The Australian Electoral Commission have released the data for preference allocation and makes a good subject for a visualisation.
Getting useful data is always a compromise. Some parties have multiple tickets (ie they split their preference flows in two or more tickets). Independents do not have parties, but work in a group. I grouped independents by using the highest preferenced candidate for that ticket. The coalition have more than one party, so I had to combine these under coalition.
To measure how highly a party was preferenced, I took the average position on the ballot for each member of the party and average these if there were more than one ticket. For some parties with split tickets this meant that they might end up without preferencing any party particularly highly.
Next was how to visualise the data. A chord diagram seemed the natural way to show how parties preference each other. The problem is that there is too much data to show every preference allocation (by definition every party preferences every other candidate). So I needed to draw the line on how much data to show. I arbitrarily decided that any party that averaged a position in the top 25% of the ballot order was highly preferenced by the other party.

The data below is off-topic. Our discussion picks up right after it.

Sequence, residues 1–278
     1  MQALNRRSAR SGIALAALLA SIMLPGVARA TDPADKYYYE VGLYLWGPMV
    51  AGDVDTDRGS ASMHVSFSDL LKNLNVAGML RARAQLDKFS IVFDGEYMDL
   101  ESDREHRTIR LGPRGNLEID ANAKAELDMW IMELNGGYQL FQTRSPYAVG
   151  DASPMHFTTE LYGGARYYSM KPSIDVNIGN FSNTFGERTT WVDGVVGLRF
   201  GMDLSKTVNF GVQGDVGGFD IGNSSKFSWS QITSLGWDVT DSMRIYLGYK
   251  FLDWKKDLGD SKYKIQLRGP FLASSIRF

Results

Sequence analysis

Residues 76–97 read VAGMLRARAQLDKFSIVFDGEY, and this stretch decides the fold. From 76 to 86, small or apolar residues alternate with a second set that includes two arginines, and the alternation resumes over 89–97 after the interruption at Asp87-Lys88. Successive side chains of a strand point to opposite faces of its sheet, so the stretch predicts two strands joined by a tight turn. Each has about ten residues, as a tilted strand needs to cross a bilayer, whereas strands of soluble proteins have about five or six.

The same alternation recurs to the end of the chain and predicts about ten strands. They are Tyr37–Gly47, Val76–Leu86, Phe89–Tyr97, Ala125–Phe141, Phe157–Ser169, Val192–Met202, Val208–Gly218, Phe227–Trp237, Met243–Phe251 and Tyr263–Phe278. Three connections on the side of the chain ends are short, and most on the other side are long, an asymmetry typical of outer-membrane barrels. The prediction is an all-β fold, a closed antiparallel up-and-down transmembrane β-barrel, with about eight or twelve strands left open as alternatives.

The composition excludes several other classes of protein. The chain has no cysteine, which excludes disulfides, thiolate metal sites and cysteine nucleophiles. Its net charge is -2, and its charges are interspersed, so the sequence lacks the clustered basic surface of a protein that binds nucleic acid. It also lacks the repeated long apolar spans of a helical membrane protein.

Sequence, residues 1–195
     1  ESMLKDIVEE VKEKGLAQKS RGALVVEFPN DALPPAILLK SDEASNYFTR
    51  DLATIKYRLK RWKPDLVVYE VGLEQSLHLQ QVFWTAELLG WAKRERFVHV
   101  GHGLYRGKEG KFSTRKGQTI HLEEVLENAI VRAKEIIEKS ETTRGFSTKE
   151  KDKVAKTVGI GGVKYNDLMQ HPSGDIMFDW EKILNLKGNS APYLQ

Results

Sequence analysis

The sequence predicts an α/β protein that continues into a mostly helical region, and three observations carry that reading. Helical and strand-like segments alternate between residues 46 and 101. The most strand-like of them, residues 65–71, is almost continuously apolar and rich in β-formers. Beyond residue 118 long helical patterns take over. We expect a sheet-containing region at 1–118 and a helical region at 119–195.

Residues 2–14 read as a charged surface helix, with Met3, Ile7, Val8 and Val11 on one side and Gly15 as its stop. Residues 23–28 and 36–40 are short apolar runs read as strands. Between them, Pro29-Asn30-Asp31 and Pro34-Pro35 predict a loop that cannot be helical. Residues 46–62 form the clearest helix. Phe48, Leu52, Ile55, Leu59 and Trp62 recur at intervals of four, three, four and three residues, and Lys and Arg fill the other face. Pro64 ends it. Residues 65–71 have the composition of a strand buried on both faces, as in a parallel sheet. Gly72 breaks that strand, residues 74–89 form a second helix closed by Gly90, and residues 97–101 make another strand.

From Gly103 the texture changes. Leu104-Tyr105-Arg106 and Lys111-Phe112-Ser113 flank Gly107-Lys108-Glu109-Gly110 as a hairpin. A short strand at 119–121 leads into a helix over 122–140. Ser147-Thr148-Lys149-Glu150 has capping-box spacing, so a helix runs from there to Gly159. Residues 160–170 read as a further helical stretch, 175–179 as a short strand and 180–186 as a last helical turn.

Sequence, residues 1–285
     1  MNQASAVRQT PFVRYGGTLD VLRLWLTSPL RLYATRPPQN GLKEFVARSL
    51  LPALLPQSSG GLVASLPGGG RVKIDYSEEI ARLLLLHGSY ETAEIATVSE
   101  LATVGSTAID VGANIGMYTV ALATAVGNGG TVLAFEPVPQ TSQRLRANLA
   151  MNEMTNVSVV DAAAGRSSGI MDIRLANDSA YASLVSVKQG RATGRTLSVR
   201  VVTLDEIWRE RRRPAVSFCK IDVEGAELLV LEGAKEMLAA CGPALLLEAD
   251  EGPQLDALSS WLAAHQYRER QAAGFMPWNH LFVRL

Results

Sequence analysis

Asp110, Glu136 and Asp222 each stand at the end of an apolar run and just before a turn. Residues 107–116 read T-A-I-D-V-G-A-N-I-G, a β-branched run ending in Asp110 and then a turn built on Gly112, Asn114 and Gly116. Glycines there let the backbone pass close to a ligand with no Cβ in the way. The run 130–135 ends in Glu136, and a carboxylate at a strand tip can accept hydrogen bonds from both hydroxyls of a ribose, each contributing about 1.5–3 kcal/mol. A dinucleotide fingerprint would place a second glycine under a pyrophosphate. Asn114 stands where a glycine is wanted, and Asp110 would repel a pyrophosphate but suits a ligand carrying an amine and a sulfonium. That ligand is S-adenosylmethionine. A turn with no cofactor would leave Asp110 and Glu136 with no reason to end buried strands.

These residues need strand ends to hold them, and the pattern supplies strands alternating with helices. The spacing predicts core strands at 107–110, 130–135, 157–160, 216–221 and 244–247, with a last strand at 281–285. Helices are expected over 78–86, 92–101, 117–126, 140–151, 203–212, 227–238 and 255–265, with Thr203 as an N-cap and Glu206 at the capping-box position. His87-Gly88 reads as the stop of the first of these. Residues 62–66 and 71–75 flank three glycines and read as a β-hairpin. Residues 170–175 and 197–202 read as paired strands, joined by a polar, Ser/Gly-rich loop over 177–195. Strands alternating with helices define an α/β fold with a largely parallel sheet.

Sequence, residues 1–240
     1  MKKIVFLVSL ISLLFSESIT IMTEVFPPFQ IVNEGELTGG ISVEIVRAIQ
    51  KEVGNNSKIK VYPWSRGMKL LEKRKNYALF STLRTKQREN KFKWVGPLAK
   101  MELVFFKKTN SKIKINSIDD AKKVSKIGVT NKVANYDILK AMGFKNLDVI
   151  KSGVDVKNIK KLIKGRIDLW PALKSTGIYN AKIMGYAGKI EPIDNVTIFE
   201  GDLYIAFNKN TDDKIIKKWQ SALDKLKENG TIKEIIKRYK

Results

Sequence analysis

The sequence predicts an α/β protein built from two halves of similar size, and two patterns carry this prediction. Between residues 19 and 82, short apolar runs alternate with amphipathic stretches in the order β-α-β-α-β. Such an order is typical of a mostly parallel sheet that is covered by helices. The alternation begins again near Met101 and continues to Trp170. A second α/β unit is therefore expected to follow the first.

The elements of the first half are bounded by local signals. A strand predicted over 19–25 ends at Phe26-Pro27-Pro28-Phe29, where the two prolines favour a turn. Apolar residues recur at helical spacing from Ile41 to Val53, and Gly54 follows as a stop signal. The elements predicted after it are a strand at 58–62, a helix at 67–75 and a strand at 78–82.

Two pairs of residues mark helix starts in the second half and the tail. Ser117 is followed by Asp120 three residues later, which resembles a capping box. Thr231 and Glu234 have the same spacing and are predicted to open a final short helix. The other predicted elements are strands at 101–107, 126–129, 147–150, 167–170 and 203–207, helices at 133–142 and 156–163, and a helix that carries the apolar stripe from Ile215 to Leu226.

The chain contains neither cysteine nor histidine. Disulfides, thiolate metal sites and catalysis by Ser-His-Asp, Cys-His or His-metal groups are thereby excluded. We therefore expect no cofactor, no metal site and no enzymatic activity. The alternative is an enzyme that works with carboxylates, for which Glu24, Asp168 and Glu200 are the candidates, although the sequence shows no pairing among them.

The visualisation shows some interesting things. Whether there is a symmetrical or asymmetrical relationship between parties can easily be seen. Als,o the wider the party is around the circle, the more other parties preference it. The ALP and coalition have fairly narrow widths while the bullet train party and family first are relatively wide.
Of course preferences are a lot more complex than shown here. The order of preferences and how they flow once quotas are allocated can have a subtle and profound affect on the election outcome. If you are considering voting below the line Antony Green has some good advice.